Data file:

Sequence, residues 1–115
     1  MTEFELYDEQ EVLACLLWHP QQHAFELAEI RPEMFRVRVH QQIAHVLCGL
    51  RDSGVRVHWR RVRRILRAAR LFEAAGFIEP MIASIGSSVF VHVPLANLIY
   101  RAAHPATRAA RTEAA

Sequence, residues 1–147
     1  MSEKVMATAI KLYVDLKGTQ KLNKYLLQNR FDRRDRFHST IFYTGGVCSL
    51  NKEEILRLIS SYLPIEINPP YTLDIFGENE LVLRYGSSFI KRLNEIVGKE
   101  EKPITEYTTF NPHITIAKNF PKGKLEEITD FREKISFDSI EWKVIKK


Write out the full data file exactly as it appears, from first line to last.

Sequence, residues 1–115
     1  MTEFELYDEQ EVLACLLWHP QQHAFELAEI RPEMFRVRVH QQIAHVLCGL
    51  RDSGVRVHWR RVRRILRAAR LFEAAGFIEP MIASIGSSVF VHVPLANLIY
   101  RAAHPATRAA RTEAA

Sequence, residues 1–147
     1  MSEKVMATAI KLYVDLKGTQ KLNKYLLQNR FDRRDRFHST IFYTGGVCSL
    51  NKEEILRLIS SYLPIEINPP YTLDIFGENE LVLRYGSSFI KRLNEIVGKE
   101  EKPITEYTTF NPHITIAKNF PKGKLEEITD FREKISFDSI EWKVIKK